Payleven, the mobile payment company from the Samwer bothers’ Rocket Internet incubator, is now taking orders for its chip-and-PIN readers, which makes it one of the first of the Square-style competitors in Europe to offer quick way to comply with Visa’s card payment requirements in the region. The readers were first announced in October 2012; today Payleven starts to take orders — at a price of €49 ($65) each — and will begin shipping them on February 18.
“We’ve invested heavily in a tech solution that as a merchant you can accept everything from the start,” Rafael Otero, the CTO and co-founder of Payleven, told me in an interview when the company first announced its solution in October.
The card readers will first be offered in Payleven’s European markets: the UK, Germany, Italy, The Netherlands and Poland. Payleven is also expanding in other regions such as Brazil, and a spokesperson says that the readers will later be used there, too. Like its competitors, Payleven is offering merchants a flat charge of 2.75% on transactions, and as of today works with Visa and MasterCard, but not American Express or other payment providers.
As background: chip-and-PIN transactions rely on a chip embedded in a credit or debit card along with a user’s PIN number as a way to authenticate payments, and these are now the standard in Europe, unlike the U.S. where the magnetic stripe and signature continue to be the primary way of authenticating card payments in person. In Europe, other Square-style companies like iZettle last year were dealt a blow when Visa stopped allowing transactions in most countries, because they did not have chip-and-PIN solutions in place. For now, their workaround has been to send buyers to payment sites on their phones to authenticate point-of-sale payments — a solution, but a more time-consuming one. Others like mPowa also have developed chip-and-PIN readers to work alongside their mobile apps; its solution is certified to PCI (Payment Card Industry) 1 while Payleven describes its as 3.1.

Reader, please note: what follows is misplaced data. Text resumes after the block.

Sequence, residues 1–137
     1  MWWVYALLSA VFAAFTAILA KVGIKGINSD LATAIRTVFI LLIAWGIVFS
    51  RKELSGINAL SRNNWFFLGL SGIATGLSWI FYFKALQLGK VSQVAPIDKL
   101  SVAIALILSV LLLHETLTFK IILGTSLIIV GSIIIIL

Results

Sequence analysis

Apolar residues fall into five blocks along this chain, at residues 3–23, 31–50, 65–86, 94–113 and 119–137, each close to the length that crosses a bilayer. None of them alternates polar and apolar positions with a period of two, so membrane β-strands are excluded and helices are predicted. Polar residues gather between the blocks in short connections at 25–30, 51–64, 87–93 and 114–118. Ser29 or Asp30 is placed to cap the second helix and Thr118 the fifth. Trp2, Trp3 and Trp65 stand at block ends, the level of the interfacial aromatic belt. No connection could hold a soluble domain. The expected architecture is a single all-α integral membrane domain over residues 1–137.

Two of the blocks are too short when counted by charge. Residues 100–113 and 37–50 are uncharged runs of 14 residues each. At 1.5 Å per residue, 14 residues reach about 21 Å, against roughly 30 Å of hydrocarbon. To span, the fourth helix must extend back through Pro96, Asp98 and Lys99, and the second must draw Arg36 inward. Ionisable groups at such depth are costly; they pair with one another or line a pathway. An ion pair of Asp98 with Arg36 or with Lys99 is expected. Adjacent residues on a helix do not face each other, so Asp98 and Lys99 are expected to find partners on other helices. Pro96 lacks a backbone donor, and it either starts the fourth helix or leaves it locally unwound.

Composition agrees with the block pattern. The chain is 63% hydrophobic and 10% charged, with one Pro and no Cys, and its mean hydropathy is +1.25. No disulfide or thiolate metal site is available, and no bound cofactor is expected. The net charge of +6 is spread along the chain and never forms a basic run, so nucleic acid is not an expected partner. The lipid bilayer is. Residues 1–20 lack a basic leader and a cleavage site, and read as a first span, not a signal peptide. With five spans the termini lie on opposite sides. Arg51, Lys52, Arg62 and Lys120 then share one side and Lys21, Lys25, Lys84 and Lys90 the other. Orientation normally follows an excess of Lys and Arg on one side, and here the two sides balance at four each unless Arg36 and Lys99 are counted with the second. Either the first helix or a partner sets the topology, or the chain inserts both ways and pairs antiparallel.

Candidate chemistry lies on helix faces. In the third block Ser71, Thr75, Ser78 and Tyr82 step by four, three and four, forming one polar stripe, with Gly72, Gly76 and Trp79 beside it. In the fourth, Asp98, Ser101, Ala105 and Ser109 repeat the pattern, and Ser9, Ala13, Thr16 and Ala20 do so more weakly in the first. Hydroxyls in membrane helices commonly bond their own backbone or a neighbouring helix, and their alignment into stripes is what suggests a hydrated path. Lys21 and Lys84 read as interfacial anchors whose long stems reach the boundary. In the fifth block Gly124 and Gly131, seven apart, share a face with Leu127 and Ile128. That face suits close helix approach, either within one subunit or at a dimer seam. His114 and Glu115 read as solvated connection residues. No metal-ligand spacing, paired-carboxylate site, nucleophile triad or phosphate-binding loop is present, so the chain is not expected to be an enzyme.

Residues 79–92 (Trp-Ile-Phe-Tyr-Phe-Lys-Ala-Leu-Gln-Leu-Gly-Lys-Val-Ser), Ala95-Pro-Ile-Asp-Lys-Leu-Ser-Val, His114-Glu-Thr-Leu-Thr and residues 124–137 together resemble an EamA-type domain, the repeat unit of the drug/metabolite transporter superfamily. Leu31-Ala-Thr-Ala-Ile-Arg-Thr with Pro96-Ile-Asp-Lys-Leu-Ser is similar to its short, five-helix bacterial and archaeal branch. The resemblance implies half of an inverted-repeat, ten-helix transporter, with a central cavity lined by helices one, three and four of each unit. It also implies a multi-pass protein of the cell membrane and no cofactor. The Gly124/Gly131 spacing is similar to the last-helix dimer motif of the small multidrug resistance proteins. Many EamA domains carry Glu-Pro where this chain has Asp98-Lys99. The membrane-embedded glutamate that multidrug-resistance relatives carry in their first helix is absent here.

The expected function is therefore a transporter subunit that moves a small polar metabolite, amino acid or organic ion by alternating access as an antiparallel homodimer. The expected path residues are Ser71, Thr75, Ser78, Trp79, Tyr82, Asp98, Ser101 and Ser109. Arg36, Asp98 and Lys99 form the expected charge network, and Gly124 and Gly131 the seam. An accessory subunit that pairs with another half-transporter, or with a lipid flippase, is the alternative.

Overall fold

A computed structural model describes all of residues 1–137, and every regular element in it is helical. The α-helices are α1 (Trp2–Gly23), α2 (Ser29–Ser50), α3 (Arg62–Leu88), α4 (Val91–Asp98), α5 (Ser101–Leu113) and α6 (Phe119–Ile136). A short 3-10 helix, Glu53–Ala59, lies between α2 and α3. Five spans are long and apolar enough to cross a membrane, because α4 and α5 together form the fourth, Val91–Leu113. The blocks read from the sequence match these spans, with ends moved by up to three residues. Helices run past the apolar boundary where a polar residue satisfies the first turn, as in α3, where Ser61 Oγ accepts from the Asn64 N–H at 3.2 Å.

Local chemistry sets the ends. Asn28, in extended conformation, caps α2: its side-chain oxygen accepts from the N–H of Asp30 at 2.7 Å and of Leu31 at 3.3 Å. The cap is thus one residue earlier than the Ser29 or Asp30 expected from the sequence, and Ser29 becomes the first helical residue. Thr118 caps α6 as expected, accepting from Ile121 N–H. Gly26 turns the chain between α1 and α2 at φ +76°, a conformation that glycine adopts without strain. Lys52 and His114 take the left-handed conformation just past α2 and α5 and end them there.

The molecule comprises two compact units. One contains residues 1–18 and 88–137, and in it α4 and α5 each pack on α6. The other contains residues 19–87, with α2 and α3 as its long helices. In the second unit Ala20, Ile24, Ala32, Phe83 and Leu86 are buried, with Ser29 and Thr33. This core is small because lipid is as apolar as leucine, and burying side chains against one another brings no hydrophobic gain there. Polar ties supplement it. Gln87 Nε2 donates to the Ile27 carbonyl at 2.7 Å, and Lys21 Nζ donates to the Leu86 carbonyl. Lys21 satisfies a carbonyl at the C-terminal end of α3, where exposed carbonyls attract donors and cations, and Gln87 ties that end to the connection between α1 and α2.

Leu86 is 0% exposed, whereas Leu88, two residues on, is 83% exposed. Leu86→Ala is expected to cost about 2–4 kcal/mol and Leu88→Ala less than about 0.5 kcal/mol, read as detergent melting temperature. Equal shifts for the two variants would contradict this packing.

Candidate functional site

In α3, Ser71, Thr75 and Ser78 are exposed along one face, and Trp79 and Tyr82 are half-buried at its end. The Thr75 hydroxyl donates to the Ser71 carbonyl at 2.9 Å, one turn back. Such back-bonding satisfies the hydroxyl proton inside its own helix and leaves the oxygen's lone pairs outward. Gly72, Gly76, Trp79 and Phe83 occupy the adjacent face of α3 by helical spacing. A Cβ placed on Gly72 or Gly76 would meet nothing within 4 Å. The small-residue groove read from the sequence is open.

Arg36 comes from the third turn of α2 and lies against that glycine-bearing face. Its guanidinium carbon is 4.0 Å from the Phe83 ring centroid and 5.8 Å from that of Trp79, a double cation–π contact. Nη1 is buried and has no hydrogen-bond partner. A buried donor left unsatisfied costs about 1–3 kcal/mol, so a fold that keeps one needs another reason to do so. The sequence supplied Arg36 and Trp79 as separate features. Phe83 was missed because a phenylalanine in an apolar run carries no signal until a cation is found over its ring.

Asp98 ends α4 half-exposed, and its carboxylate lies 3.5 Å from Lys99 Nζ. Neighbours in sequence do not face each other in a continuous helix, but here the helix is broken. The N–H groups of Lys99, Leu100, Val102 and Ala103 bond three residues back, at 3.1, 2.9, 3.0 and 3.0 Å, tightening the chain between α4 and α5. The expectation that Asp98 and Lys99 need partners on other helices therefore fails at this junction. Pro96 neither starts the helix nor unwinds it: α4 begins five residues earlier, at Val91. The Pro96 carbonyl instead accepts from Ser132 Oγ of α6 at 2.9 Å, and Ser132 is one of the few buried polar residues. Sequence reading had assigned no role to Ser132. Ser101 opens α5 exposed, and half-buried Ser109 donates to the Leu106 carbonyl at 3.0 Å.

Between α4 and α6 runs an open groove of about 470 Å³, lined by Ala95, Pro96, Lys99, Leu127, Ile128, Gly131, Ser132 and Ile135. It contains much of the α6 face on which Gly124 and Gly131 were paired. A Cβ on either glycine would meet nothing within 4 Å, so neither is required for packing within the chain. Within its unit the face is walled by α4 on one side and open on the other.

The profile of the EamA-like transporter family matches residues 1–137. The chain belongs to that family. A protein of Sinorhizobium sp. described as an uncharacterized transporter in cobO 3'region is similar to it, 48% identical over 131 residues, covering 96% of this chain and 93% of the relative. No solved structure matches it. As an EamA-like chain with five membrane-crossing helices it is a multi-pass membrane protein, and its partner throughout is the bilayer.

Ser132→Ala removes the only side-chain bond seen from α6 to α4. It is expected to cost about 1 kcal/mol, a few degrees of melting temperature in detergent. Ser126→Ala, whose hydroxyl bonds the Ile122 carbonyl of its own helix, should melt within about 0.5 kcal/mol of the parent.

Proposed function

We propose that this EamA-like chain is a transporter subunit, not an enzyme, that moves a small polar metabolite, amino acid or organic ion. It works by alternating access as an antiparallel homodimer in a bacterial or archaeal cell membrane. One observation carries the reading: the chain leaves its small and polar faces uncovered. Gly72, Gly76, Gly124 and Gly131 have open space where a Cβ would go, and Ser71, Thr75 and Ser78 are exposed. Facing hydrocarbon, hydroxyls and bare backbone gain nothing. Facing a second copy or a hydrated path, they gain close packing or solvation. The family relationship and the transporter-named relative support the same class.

Enabling Visa payments is an important part of the equation for these mobile payments companies: Visa accounts for some 450 million debit, credit and commercial cards in Europe, covering some €1.7 trillion on payments in 2012, or 14% of all consumer spend at the point of sale in Europe. Some 80% of that is via debit rather than credit cards, and it is with debit cards that the PIN is most important for authentication (whereas signatures can be used on credit cards).
Given that Square and its European counterparts all come from a similar mission — that of enabling smaller merchants to be able to make card transactions — this is an important step for getting this to work in Europe.
“We welcome the innovation we see today in Europe to deliver solutions that enable secure card acceptance for small businesses that have not traditionally accepted cards,” noted Stanley Skoglund, SVP, Payment Systems Risk at Visa Europe, in a statement. “This kind of solution helps to increase card acceptance while preserving the important Chip & PIN functionality and all the security benefits that it provides. We are delighted to see solutions emerge that can bring Chip & PIN out of the shop and into the hands of small merchants. We are doubly delighted that the reach and flexibility of EMV is being increased in a responsible manner, giving smaller businesses the opportunity to offer the same level of secure card acceptance that larger enterprises can already do.”
In Payleven’s solution, a smartphone or tablet is still used as part of the authentication process, but instead of swiping and plugging the card into a dongle on the phone, users put it into a small extra machine (pictured) which links up with its Android or iOS apps via Bluetooth.
The news comes a couple of weeks after Payleven announced one more round of funding. In keeping with Rocket’s standard practice, neither the investors nor the amount of investment were revealed, except to note that it was in the “high single digit millions.” Named investors in the company, in addition to Rocket Internet, include New Enterprise Associates, Holtzbrinck Ventures, ru-Net, who together have put “double-digit millions” into Payleven.
Payleven, which was established in March 2012, is not yet revealing user numbers of its service to date. While the founders, who also include Alston Zecha and Alexander Zumdieck, are building up the company as an independent entity, the Samwers are well known also for building up e-commerce operations that mirror the business models of competitors in the U.S., who then end up buying them for inorganic international growth. Such exits have included CityDeal, sold to Groupon; alando, sold to eBay; and Betreut, sold to Care.com.